The “Break It In” Lie

When you’re just starting out in menswear, or even if you’re an old hand, you might not know how some things are supposed to fit or feel.

A pair of well-made shoes at a higher price point are going to feel different than the squishy glued versions from DSW.

A proper brimmed fur felt hat is going to feel different than a baseball cap.

This is all normal. And if you’re in a shop struggling with whether or not you think something fits you, I hope you are aided by a patient and knowledgeable salesperson (like the incredible staff at JJ Hat Center in NYC who warmly guided me through my first hat-buying experience many years ago).

Unfortunately, there are times when a salesperson (often well-meaning, but sometimes not), or total randos on the internet, will spout an infamous line that has led to many wasted dollars and hours.

“Break it in.”

“Just give it a little time to break in and it will be fine”, they’ll crow. That tightness, or pinching, or slippage, or rubbing, or digging, will all go away once you “break it in”.

They’ll make it sound like there will be a magic moment when those uncomfortable shoes will miraculously feel like butter.

You also might feel as if you have to “earn” that comfort by breaking it in. As if the pain or discomfort is some sort of entry fee into an exclusive club of well-dressed, richly patina-ed gentlemen.

This is all nonsense. There are times when it makes sense to give an item a little bit of time to soften up before you can fully enjoy it. But that discomfort should be nothing more than a twinge to start with. Something that your mind can ignore after a couple minutes of wearing so that you can wear the thing over and over again without wanting to stab yourself in the eye.

I’ve written before about my Red Wing Iron Ranger boots I bought over a decade ago. When I purchased them they were by far the highest quality item I ever owned. I also knew that they were going to need a little breaking in before they were totally comfortable. Turns out they were never totally comfortable but it wasn’t because they didn’t break in sufficiently (they just weren’t the right boots for my particular foot).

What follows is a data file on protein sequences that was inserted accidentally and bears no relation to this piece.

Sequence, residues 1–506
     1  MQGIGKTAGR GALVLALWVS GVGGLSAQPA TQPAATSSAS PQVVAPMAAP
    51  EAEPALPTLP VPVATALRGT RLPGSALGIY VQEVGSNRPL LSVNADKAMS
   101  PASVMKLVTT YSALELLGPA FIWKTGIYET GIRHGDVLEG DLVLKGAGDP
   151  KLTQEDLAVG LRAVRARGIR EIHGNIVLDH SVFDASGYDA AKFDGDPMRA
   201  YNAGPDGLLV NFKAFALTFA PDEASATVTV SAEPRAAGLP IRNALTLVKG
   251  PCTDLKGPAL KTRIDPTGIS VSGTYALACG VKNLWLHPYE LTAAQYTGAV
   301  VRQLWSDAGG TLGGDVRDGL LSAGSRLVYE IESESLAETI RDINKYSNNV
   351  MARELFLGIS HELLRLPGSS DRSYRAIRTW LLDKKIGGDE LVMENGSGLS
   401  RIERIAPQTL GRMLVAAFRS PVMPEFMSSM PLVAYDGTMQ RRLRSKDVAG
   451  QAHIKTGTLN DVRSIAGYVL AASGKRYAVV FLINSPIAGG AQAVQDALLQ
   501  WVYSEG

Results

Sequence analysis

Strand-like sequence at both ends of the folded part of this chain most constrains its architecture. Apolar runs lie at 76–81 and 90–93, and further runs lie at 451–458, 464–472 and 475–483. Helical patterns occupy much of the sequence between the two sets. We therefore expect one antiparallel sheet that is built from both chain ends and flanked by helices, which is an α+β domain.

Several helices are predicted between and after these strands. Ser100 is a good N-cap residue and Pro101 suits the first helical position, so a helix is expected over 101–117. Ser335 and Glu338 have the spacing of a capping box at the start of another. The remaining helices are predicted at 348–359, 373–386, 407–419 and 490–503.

The ”break in” process for those boots was actually kind of fine. Red Wings are notorious for having a terrible break in period but I didn’t feel that way with my boots. Yeah, they were stiff, but they’re leather and leather needs a little time to soften. I’ve owned enough baseball gloves in my life to know that.

My boots rubbed a little bit in the heel and at the top of the boot around my ankle. But I wouldn’t say anything was painful. Just a little stiff. And after I wore them a handful of times it was totally fine. I’d say probably a week of daily wear made them perfectly serviceable.

Not a big deal. That’s an example of an acceptable break in period.

Here are two examples of UNacceptable break in periods…

About two years ago I bought a pair of raw denim jeans. I’ve never been a “denim head” because I think jeans are disposable, casual work clothes, but these jeans were on a crazy discount so I pulled the trigger.

I had read all about how raw denim kind of sucks to wear at the start but then they soften up and become amazingly comfortable as they mold to your shape.

Well, two years in and whenever I wear them I want to rip them off and chuck them out the window. I’ve worn them a lot and they are not getting any softer. They are just as stiff and uncomfortable as they were when I bought them. I’ll wear them for a few days and think “maybe this isn’t so bad”, but then I switch over to a normal pair of pants and think “Wow, this is so much better. What was I thinking?”

At another point maybe five years ago or so, I pulled the trigger on a felt hat from a new hatmaker. It was a small company and I love hats so it felt good to throw some business their way.

The hat looked great in the pictures on the website. Kind of a blend between a city and country style the way the old Stetson Open Roads used to be. When the hat arrived though, I could tell this was more of an Instagram prop than an actual hat.

The thing was cardboard stiff and wore like I put a plastic tub on my head. I reached out to the company regarding a return label and the owner asked me why I was returning the item. I believe he genuinely wanted honest customer feedback. I told him about the stiffness and how the hat was uncomfortable. It was then he told me I just needed to break it in. And once I did that it would be fine.

No, thank you. I can buy a Stetson or Akubra for the same price and have something comfortable from day one.

My big question for everyone who says “break it in” is: Who has TIME for all of this?

When I buy my clothes, I want them to be comfortable from the start. That’s a normal expectation. If there is a little tickle here or there that will smooth out in the course of a few wears, fine. But I’m not spending years or even months doggedly wearing items that cause me grief hoping to attain some sort of elusive sartorial nirvana once things finally “break in”.

The bottom line is this: If you try something on and it doesn’t feel right then it isn’t right and you should move on. Don’t let a salesman, or your own mind, gaslight you into believing it will all be fine once you break it in. You’ll be throwing away money and time and as dads, we don’t have an unlimited supply of either.

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